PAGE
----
Engaging and INCLUSIVE solutions to
teach language, communication and literacy skills
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Building a world that puts the youngest in society first.
New Pilot! Braintree Forest 'Walk in the Woods' Sessions for 2 - 4-year-olds in Dorset.
OUTDOOR Code Mapping within Play-based Activities.
Early Childhood Development Intervention
The Braintree Forest Early Learning Approach (UK)
The more we study the brain, the more we understand that it functions less like a computer and more like an ecosystem. “The brain is in no sense like any kind of instruction machine, like a computer. Each individual’s brain is more like a unique rainforest, teeming with growth, decay, competition, diversity, and selection” (Gerald Edelman quoted in Cornwell, 2007).
The 'brain tree' offers an excellent metaphor when discussing with teachers how genetic “differences” may bring with them advantages as well disadvantages for their students. Embracing neurodiversity means understanding what each brain needs to thrive and flourish, and moving away from a mindset in which there is a 'normal brain'; the neurodiversity-inspired educator will have a deep respect for each child’s unique brain and seek to create the best-differentiated learning environment within which it can thrive. As they are teaching in a neurodivergent classroom, they are caring not only for individual brain trees but a whole forest! They have their own ecosystem, and so many factors will impact whether it flourishes or not.
The use of ecological metaphors is also useful because teachers may understand this concept more easily. Imagine the shift in behaviours when children are seen as “rare and beautiful flowers” rather than “damaged,” or a “problem”. As humans we understand that individual species of plants have specific environmental needs and that if we are to care for them we must understand those needs; teachers would not seek to “cure,” or “fix,” the plants so they all respond in the same way, or expect them to flourish if all were put in the same environment, and with the same amount of sun and water, and type of soil. Instead, teachers will seek to discover students’ unique requirements for optimal growth, and then implement differentiated strategies to help them bloom. And this is what we achieved while developing the Speech Sound Pics (SSP) Approach in Australia.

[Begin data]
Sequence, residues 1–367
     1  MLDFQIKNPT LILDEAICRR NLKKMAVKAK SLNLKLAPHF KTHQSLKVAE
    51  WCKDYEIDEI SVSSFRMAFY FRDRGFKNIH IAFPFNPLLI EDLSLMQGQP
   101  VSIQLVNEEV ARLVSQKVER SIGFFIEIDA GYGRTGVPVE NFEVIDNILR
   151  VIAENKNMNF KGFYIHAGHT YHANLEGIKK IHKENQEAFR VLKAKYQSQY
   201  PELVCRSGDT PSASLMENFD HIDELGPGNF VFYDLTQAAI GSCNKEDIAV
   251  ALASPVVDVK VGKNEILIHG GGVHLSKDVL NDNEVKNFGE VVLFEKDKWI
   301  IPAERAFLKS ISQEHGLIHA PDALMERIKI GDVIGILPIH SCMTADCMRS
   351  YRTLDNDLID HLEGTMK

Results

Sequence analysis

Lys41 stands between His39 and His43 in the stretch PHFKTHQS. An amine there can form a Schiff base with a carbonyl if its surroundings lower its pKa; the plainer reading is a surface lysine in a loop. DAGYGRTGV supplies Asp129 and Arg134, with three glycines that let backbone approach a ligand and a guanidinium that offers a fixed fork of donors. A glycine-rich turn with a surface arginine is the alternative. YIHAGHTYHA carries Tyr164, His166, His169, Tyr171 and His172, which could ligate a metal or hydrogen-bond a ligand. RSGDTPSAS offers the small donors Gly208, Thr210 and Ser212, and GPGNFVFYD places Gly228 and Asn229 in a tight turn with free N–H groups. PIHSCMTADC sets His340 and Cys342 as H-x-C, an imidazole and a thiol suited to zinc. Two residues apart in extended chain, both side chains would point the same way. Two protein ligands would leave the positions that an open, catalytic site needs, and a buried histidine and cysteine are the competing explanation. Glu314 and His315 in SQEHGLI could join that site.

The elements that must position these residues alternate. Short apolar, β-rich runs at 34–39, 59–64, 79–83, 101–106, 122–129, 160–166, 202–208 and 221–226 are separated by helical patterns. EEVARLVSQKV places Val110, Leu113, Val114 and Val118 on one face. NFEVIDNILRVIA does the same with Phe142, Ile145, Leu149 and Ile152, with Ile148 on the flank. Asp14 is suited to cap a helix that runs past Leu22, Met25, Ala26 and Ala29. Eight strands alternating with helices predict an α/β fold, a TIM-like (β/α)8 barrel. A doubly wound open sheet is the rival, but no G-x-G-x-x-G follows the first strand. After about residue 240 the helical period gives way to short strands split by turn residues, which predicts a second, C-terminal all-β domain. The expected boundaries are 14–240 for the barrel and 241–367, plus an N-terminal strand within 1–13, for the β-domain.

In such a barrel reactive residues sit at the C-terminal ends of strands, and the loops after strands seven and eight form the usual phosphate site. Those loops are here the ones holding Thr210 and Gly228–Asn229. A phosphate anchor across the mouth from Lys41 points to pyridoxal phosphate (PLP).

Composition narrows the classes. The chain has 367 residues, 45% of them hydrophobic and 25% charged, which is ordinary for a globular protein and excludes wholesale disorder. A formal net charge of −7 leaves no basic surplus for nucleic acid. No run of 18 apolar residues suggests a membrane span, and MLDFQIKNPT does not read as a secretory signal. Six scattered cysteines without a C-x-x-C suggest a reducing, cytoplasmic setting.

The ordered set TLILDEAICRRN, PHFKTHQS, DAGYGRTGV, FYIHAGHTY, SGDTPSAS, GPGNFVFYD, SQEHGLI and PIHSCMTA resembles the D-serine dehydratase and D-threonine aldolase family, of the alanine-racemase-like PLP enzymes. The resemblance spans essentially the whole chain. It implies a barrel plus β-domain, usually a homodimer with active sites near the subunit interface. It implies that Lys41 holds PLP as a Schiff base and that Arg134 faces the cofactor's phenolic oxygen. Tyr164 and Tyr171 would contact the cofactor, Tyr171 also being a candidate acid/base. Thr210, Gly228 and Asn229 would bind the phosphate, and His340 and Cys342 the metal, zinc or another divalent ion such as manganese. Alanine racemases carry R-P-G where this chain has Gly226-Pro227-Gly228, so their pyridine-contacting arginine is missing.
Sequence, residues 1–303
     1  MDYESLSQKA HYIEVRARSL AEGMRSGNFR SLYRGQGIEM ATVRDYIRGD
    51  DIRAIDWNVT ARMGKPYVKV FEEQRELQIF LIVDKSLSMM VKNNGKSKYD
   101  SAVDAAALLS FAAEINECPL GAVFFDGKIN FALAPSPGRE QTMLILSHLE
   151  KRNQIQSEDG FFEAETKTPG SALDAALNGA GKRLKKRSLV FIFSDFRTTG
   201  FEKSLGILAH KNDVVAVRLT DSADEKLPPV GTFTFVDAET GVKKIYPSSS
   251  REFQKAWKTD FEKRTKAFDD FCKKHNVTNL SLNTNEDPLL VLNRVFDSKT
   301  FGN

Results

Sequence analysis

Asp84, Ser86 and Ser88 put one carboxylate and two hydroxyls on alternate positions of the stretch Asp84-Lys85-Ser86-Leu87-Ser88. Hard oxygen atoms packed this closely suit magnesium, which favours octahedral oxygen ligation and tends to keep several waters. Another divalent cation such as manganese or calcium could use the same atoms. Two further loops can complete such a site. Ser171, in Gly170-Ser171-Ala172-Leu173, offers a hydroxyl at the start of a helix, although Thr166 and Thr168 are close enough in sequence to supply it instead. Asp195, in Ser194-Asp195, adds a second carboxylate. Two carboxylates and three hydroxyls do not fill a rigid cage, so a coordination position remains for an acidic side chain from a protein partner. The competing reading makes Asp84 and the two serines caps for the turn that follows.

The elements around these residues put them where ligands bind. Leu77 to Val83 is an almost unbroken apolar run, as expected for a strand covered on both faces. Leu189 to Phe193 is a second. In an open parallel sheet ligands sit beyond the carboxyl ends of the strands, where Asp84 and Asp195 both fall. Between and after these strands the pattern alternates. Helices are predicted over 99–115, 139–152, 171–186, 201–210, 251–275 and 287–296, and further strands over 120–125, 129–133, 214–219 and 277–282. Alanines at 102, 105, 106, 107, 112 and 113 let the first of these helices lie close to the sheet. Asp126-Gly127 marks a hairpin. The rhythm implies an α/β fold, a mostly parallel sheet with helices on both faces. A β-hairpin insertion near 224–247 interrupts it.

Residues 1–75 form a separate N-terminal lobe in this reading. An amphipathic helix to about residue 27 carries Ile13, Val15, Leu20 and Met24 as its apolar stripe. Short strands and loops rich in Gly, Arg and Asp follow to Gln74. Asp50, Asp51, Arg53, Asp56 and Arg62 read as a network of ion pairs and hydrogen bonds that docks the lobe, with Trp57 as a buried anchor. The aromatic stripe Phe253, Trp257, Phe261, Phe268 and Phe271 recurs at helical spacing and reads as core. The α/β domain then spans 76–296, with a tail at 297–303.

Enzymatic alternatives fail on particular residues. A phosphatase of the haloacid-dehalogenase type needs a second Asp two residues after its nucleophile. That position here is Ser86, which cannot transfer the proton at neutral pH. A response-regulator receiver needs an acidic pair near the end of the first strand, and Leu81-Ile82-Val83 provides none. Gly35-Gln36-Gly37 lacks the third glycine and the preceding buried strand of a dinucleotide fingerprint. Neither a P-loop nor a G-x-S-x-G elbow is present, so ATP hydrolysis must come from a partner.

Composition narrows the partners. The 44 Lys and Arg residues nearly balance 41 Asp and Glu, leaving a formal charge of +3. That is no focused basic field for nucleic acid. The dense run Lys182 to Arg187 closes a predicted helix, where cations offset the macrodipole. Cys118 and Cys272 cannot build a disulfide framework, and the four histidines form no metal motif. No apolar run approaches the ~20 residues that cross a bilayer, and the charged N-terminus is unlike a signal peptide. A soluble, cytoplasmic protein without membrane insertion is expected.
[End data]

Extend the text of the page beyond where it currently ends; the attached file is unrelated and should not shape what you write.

However I am in the UK undertaking doctoral studies, and reluctant to try to launch the Speech Sound Pics Approach as it is not a synthetic phonics approach. I have launched Braintree Forest Learning, managed by The Reading Hut Ltd in Dorset, and am focused on the early years (as an early intervention) and supporting neurodivergent learners of all ages, in part by delivering 'Grapheme Code Mapping' teacher training. I can't modify the Speech Sound Pics (SSP) Approach to 'fit' with the DfE criteria for validation and am not convinced that the recently validated systematic synthetic phonics programmes are all designed to effectively meet the needs of children with dyslexia. I will be discussing this - and ways to 'fill the gaps' within a series of PATOSS lectures with the wonderful Dr Grace Elliott.
I do hope you'll join me!
Miss Emma 'The Reading Whisperer'
Emma Hartnell-Baker BEd Hons. MA SEN
ADSHE Professional QA Tutor
Doctoral Student, University of Reading
Braintree Forest Learning, Embracing Neurodiversity